Treatments for fibrosis development and progression: Lessons learned from preclinical models and potential impact on human conditions such as scleroderma, pulmonary fibrosis, hypertrophic scarring and tendinopathies


Progressive fibrosis of a tissue or organ in response to a damaging insult may result in loss of organ function if the acute response is excessive, or a chronic fibrotic response is initiated due to the persistence of the insult. In the author’s laboratory over the past several years, a number of preclinical models of fibrosis or fibrogenic responses have been characterized for the effectiveness of various treatment approaches to either prevent or impede fibrosis development and progression to identify commonalities and translatable research directions that could provide insights into human diseases. These have mainly included either chemically induced pulmonary fibrosis models or overt physical injury models in rats, pigs and rabbits. Some preliminary studies in human populations have also been undertaken. The interventions evaluated have included fibrinolytic agents and drugs targeting specific cell populations. The results indicate that some approaches lend themselves to modifying fibrotic reactions in some models and not others, while others may have a more generalized impact on fibrogenic responses due to interference with abnormal cell functions in the injury environment.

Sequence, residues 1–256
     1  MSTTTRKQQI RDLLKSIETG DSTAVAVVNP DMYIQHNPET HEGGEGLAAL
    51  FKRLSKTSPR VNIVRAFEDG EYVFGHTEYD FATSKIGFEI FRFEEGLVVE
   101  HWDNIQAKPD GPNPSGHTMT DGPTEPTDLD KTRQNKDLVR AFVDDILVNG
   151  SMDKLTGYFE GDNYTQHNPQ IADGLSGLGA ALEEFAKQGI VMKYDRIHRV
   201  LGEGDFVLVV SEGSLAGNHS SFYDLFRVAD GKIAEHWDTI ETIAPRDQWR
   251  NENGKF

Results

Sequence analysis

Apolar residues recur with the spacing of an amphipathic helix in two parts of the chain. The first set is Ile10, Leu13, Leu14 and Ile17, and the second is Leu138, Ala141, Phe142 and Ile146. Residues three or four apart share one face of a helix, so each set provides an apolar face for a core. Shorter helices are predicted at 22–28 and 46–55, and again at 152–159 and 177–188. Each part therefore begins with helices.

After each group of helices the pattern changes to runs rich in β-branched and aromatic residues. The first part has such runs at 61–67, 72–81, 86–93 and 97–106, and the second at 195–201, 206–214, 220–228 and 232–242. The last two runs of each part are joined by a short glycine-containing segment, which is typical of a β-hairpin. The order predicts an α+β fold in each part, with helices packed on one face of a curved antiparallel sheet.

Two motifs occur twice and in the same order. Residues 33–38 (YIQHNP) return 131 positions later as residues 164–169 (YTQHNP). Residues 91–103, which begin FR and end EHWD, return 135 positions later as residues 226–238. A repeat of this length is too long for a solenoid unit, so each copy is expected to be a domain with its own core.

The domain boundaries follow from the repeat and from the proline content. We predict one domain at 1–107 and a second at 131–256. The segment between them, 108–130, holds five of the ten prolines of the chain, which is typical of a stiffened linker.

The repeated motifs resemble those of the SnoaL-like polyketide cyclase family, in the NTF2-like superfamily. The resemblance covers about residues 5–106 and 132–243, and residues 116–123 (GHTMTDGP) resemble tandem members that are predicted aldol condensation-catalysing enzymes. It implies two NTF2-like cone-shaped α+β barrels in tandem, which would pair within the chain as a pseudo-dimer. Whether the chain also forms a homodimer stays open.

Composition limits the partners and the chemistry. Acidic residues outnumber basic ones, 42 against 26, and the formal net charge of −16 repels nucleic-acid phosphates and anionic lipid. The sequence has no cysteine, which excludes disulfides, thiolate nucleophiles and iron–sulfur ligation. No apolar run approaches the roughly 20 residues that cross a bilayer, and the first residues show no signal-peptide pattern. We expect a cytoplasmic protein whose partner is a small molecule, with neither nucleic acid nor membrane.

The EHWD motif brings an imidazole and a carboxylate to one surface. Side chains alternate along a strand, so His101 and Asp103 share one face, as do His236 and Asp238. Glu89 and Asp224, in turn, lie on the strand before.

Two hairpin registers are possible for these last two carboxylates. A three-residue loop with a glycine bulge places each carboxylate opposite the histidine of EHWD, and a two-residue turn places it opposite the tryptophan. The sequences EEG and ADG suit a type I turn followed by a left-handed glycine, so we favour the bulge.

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Hart, D. (2013) Treatments for fibrosis development and progression: Lessons learned from preclinical models and potential impact on human conditions such as scleroderma, pulmonary fibrosis, hypertrophic scarring and tendinopathies. Journal of Biomedical Science and Engineering, 6, 1-9. doi: 10.4236/jbise.2013.68A2001.

Conflicts of Interest

The authors declare no conflicts of interest.


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